RT-PCR and qPCR analyses
Total RNA was isolated from cells by NucleoSpin RNA Plus kit (Macherey-Nagel), from which 2 μg was reverse transcribed by High Capacity cDNA Reverse Transcription Kit (Applied Biosystems). The extent of XBP1 mRNA splicing in HEK 293AD and AR42J cells was determined by PCR using human and rat XBP1 primer pairs [14, 19]. PCR products were resolved on 2% agarose gel, stained with GelRed (Biotium) and evaluated by densitometry using the Quantity One program (BioRad). Gene expression levels of BiP, CHOP, NQO1 and GAPDH in the cDNA samples were determined by qPCR as described recently  using Thermo Scientific human or rat BIP/HSPA5 (Hs00607129_gH, Rn00565250_m1), CHOP/DDIT3 (Hs00358796_g1, Rn00492098_g1), NQO1 (Hs00168547_m1, Rn00566528_m1) and GAPDH (Hs02758991_g1, Rn01775763_g1) TaqMan probes.
Effect of major cigarette smoke components on the viability of HEK 293AD cells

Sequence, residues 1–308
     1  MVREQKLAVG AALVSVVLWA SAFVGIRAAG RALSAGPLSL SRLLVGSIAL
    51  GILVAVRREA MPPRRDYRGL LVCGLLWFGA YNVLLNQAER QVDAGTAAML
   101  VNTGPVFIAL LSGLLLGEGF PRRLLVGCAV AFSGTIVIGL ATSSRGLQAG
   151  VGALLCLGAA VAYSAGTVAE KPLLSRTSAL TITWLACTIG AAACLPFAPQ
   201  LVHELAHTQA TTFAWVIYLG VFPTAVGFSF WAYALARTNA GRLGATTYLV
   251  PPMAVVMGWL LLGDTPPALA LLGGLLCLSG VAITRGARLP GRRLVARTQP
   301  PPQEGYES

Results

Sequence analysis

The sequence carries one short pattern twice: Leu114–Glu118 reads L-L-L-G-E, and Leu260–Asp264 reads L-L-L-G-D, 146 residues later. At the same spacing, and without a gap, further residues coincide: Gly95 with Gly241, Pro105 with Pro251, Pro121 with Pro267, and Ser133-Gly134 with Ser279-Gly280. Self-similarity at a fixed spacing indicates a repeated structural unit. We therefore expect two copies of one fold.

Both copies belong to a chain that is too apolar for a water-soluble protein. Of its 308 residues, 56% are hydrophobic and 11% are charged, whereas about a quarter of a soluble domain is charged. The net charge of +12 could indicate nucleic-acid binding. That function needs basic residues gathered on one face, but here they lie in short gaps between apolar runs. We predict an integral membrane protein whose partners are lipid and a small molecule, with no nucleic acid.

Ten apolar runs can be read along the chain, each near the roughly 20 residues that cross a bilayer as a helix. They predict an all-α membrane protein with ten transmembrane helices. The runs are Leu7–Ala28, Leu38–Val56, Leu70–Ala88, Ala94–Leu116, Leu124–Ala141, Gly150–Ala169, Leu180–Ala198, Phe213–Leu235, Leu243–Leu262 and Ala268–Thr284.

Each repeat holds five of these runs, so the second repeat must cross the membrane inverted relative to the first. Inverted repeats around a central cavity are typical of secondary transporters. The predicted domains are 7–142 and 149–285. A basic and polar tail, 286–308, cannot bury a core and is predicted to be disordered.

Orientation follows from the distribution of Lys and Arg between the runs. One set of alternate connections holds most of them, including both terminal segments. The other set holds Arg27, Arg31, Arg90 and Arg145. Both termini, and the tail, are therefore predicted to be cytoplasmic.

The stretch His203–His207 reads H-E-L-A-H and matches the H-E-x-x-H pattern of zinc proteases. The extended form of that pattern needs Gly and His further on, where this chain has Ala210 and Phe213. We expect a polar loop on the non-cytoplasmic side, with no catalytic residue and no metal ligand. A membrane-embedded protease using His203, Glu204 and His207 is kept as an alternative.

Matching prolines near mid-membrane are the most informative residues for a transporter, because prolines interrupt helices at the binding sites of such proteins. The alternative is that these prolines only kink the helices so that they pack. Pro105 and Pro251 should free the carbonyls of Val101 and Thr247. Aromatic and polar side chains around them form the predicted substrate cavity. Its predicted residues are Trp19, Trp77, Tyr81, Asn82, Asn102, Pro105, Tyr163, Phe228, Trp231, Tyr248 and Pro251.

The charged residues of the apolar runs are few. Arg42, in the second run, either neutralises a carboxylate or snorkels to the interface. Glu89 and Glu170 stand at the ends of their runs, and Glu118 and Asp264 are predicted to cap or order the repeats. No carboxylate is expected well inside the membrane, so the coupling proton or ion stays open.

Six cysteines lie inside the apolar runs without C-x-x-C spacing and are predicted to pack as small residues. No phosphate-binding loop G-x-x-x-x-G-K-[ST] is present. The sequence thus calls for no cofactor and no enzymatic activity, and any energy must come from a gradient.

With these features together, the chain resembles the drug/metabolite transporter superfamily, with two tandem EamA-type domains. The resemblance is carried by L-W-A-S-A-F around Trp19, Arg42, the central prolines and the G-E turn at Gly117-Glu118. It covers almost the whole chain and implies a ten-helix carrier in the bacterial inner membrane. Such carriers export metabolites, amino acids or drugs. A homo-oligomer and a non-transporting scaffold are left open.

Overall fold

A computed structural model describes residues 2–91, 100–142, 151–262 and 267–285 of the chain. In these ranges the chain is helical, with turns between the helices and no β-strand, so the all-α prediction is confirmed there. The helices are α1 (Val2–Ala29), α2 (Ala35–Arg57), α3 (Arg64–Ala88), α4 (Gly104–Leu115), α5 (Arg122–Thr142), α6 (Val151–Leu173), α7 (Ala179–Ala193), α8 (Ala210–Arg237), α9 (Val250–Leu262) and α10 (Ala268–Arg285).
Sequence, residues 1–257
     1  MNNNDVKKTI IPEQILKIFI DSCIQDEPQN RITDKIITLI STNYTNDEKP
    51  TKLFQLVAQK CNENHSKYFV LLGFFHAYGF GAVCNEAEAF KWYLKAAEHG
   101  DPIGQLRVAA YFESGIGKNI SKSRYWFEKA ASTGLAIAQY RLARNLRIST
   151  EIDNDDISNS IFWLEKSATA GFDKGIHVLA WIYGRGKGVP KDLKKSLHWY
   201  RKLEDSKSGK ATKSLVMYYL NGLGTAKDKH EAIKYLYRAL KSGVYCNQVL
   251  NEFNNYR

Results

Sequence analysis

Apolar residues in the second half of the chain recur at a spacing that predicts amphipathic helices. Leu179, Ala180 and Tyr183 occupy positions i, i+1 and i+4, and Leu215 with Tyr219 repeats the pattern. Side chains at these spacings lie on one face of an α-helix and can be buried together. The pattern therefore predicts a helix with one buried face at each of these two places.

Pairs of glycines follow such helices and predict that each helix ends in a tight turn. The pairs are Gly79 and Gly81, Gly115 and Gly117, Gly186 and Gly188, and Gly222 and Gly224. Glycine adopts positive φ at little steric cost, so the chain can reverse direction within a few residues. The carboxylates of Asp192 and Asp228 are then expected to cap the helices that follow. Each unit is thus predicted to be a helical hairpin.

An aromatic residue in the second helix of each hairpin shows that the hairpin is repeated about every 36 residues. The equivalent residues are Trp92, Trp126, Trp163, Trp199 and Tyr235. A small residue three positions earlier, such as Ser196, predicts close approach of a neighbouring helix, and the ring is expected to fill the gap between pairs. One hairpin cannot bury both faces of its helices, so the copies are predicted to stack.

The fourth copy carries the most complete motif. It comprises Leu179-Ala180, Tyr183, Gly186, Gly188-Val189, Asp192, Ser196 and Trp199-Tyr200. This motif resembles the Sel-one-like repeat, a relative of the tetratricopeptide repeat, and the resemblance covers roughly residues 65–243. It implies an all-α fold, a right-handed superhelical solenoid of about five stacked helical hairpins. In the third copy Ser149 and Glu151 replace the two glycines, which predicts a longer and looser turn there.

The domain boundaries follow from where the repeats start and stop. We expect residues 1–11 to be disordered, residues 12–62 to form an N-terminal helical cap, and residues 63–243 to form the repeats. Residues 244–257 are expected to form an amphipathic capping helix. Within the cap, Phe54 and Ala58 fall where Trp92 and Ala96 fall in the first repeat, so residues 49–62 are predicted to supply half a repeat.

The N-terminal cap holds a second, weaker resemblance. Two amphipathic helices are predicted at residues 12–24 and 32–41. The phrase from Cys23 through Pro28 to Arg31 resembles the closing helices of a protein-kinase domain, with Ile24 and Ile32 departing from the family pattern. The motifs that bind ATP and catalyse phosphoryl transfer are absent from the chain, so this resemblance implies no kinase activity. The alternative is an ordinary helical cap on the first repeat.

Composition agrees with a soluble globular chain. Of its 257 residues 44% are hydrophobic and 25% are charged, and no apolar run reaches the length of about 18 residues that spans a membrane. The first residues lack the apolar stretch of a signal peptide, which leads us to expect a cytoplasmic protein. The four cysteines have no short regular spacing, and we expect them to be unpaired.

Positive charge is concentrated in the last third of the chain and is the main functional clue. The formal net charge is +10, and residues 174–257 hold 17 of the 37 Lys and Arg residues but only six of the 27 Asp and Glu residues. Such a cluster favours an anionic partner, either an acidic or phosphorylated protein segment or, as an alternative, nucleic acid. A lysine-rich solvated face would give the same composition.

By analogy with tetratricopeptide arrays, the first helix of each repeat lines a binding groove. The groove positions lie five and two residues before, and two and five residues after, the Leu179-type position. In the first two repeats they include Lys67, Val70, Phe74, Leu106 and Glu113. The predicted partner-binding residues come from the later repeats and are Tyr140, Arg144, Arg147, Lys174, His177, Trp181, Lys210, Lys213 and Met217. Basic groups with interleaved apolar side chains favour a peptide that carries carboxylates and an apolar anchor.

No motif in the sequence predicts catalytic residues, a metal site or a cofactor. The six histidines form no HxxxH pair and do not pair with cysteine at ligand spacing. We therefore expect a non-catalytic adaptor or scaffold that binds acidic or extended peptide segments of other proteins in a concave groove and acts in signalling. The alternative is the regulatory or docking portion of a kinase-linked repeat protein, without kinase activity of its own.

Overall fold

In order to characterize the detrimental effect of common cigarette smoke constituents on HEK 293AD, we incubated the cells in the absence or presence of increasing concentrations of acrolein, crotonaldehyde and HQ, and inferred cell viability by measuring cellular metabolic activity (Fig 1A). Acrolein up to 20 μM did not influence cell metabolism, whereas at higher concentrations, a gradual decrease in metabolic activity was observed. In contrast, crotonaldehyde and HQ, even at low concentrations, progressively reduced cell viability, as more than 80% loss of cellular metabolic activity was observed in the presence of 100 μM crotonaldehyde and HQ. Due to its significant impact on metabolic activity and high storage stability, the effect of HQ was further investigated in detail. In order to study whether decreased cellular metabolism of HEK 293AD is associated with programmed cell death or necrosis, the amount of FITC annexin V and propidium iodide stained cells was monitored in the absence or presence of increasing concentration of HQ with flow cytometry (Fig 1B). HQ up to 25 μM did not decrease cell viability, whereas in the presence of 50 and 75 μM HQ, programmed cell death occurred first, indicated by strong staining with FITC annexin V followed by increased staining with propidium iodide.